On the eve of the 2015 Ricoh Women’s British Open at Trump Turnberry, Charley Hull recounted her memories of playing the Ailsa Course a decade ago, when she beat 24,000 people to win the Health Perception Great Britain and Ireland Amateur Championship aged nine.

“I don’t remember too much of it because it was a really windy and rainy day. It was like 50‑mile‑per‑hour winds and I fell over, the wind blew me over on the 11th hole, the par 3,” she said.

“I came in and it was raining. I remember just wanting to come in and play my Nintendo DS. And I had to go out in a playoff, and a member was like, “No, Charley, you’ve got to go out and play.”

“And I was like, “I don’t want to. I want to carry on playing this.”

“I won on the second playoff hole and then I ran in and played again on my Nintendo DS.”

The 19-year-old Solheim Cup star from Kettering in Northamptonshire doesn’t feel that she has an advantage.

“Because I played it ten years ago, I’m taking completely different lines. Probably used to hit my drive 130 yards and now I hit it probably 110 yards further.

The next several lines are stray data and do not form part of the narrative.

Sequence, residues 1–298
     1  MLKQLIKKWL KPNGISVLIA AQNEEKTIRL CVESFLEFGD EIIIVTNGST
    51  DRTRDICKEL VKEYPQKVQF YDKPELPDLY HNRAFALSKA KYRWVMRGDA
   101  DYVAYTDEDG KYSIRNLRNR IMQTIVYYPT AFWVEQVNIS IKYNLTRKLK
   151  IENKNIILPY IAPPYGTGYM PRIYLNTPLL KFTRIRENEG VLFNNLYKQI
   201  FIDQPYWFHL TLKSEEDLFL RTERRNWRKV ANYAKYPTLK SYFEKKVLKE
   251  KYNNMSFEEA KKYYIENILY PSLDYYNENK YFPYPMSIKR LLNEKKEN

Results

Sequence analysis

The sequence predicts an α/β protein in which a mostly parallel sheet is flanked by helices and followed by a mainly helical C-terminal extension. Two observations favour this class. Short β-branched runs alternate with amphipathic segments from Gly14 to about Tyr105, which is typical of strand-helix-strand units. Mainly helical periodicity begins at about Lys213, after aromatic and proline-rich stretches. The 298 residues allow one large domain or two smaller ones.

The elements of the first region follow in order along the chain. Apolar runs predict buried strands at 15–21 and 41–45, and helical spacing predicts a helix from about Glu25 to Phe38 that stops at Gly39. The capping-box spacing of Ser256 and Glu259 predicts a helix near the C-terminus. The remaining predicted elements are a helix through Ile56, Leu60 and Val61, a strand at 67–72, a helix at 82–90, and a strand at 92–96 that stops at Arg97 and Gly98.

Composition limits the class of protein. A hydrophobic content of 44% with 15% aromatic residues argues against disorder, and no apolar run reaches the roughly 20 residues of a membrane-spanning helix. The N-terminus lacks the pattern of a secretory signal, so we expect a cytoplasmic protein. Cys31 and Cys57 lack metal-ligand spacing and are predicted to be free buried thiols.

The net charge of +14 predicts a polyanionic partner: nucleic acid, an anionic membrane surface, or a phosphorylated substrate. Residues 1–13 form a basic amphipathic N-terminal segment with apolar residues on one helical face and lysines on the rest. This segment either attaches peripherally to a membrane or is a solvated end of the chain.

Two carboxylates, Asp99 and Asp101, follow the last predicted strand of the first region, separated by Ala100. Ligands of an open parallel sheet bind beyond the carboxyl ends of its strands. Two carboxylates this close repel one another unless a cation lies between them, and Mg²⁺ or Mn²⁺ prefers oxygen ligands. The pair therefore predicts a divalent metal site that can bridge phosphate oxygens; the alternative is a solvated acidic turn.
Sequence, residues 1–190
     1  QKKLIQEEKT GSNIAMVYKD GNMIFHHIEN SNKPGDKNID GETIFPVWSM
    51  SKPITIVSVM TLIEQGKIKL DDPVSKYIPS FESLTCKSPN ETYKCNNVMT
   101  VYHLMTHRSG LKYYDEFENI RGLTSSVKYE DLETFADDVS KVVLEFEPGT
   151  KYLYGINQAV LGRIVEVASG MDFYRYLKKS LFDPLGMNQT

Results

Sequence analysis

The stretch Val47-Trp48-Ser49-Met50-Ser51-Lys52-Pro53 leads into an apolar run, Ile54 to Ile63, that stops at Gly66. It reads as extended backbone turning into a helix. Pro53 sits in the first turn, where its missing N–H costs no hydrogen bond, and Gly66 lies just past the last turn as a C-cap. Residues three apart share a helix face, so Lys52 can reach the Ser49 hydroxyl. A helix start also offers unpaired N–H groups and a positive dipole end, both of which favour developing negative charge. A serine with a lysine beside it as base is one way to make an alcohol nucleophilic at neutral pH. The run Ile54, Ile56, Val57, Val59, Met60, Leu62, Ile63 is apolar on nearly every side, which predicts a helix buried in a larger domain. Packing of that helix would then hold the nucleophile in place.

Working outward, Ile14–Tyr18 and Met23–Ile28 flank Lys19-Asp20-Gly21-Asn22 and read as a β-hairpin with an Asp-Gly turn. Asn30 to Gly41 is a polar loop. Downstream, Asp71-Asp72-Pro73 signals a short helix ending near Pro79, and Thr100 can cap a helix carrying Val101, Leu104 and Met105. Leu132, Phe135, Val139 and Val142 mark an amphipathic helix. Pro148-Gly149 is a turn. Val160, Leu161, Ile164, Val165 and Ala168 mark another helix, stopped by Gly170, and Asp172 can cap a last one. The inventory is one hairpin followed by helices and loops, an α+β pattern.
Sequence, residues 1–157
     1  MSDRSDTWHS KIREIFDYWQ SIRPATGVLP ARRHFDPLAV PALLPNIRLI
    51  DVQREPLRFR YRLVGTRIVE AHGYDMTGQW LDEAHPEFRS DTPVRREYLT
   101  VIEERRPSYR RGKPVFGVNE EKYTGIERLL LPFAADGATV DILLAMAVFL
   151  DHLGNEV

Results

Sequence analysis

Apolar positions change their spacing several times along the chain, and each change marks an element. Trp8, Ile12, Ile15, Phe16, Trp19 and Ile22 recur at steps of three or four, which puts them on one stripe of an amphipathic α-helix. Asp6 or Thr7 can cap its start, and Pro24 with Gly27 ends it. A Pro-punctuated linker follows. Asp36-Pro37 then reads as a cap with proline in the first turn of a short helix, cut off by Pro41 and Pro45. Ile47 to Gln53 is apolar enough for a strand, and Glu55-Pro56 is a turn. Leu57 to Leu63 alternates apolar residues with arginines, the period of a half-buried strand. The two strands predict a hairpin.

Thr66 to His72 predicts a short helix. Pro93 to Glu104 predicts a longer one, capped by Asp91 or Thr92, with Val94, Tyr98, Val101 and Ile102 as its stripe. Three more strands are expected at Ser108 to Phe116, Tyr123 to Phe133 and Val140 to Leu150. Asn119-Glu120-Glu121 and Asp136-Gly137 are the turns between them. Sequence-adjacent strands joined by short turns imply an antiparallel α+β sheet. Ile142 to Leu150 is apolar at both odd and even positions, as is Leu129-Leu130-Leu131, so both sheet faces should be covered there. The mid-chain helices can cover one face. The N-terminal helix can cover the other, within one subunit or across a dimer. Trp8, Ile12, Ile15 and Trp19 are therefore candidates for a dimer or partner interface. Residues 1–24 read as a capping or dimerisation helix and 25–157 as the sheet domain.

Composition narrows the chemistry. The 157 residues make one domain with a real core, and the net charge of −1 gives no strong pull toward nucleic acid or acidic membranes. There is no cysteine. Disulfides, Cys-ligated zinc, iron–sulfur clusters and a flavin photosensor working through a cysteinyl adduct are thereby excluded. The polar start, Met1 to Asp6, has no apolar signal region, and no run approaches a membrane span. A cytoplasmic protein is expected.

“I’ve got good memories of this place, so hopefully that kind of gives me a little bit of an advantage but not too much.”

From the age of nine, Hull’s golfing progress was rapid and when asked about her handicap, she replied: “I think I was off 25, and when I was ten, I was off like 5. And then 11, off scratch.”

Hull turned professional at 17 and was the youngest ever Solheim Cup player in her first year on tour in 2013, before winning the Ladies European Tour’s rookie of the year prize and then the order of merit 12 months later in 2014.

She always knew she was going to be a professional golfer and said: “I always played golf, so I just thought it was a normal thing to do. So I always wanted to do it when I was older. I enjoy it. I love it. I’m pretty happy where I am now.”

Hull would love to be the next Briton to claim the Ricoh Women’s British Open championship, after Catriona Matthew (2009), Karen Stupples (2004), Penny Grice-Whittaker (1991), Alison Nicholas (1987) and Laura Davies (1986).

On her performance in the majors so far this year, she said: “I was leading quite a few times after the second or first round and just fell away a little bit. I’m still young, and I feel like I’m ready to win a major. It’s just got to putt all four rounds together. But I’m getting there and I feel like my swing is in a better place and I feel like I’m a better player this year, as well.

“Probably lack a little bit of concentration. Now I’ve just got to feel confident in my swing and just hold my finish and tidy up the messy pieces like pre‑shot routine, make sure I get everything tidy. I think they are the most crucial things to me.”